melissa @ 1lbr said...

Wow, that looks like a great bit of reading done! Thanks for hosting!

Anonymous said...

What a great list. I have Also Known as Harper on my TBR pile. My Sturday was interrupted with some "to do's". Doing a lot of reading today. H I think I have Origami Yoda as well.

Buffy said...

Congratulations on completing your own challenge! ;) I added many of your books to my list of "stuff to put on hold". :)


web said...

The depressing nature of much of YA literature tends to bite me on the ass every challenge. I didn't do too badly this time but next year have GOT to stock up first with some more lighthearted stuff.

Mystee said...

Sounds like you read some great books :) I can't wait to do this again.

detweilermom said...

Great Job !! Lookin forward to reading more.

Jodie said...

You did really well and thanks so much for organising this. I'm so glad I finally had time to take part.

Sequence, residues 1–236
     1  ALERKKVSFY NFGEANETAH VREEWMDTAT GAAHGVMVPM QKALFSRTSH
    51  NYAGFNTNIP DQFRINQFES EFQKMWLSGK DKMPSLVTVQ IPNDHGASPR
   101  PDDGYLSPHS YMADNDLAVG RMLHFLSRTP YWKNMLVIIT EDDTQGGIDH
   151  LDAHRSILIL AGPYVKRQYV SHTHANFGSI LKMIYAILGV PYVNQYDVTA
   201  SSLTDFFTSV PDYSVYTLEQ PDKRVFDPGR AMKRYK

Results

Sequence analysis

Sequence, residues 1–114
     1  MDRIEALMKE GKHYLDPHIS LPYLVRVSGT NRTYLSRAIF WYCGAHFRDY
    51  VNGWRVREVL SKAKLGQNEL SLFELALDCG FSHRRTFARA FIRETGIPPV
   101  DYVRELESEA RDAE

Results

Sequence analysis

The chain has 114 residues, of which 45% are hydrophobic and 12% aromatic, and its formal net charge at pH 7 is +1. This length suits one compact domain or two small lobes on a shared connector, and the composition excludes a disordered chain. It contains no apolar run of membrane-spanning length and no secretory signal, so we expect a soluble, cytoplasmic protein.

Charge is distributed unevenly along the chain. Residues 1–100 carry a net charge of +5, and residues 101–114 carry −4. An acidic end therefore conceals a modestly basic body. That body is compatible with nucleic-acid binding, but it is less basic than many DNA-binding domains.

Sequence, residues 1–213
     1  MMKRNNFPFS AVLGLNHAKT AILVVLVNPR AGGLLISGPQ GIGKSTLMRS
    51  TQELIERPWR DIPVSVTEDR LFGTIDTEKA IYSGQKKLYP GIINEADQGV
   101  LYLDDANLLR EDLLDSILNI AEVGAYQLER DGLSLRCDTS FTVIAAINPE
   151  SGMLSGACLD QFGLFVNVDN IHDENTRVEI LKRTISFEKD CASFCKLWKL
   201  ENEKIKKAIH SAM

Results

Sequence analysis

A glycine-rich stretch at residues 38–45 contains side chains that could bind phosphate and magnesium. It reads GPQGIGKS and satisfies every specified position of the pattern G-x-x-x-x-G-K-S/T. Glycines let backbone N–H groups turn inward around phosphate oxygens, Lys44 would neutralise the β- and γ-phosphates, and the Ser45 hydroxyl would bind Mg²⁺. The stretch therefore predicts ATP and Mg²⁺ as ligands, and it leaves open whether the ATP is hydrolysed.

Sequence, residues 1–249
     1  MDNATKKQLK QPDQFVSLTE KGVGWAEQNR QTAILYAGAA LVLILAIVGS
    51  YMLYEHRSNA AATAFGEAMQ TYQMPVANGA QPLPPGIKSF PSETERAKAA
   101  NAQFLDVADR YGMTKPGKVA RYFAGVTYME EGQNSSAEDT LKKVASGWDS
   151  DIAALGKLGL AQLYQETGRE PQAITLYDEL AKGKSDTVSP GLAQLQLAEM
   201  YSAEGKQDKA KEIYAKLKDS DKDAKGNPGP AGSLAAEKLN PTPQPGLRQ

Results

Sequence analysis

Anonymous said...

Oh, I had my eye on Origami Yoda, but it's had a hold list ever since I ordered a copy for my library. And I really ought to put Seaglass Summer on my list, too. And Turtle in Paradise.

I don't know about other parts of the country, but here in the NW it's perfect book weather - pouring rain and flooding!

Abby said...

Those all sound like great books and the Jennifer Holm title had gone completely under my radar, so I'll have to track that one down.

Congratulations on crossing the finish line!!

Susan said...

Thanks for stopping by ReadSpace to cheer me on! I wish I had had more time to visit blogs this year.

Sandra Stiles said...

You had soem great books. I loved Judy Blume's book and "Also Known as Harper". You had a few on there I need to check out.

Trisha said...

I do the same thing as you when writing (or preparing to write) reviews. Sometimes I get lucky with my 48HBC books and words just flow anyway, at other times, not so much. But 28.5 hours! That's really impressive.

Michelle Stockard Miller said...

8 books...wow! *Hangs head in shame* I think I'll go crawl under the bed now...LOL!

Sheila (Bookjourney) said...

Sounds like a good time - I wish I could have participated but had to pass.

From what I have seen and heard it was a wonderful event!

Jenn said...

Oh I have such fond memories of Are you there God? I should really pick it up again.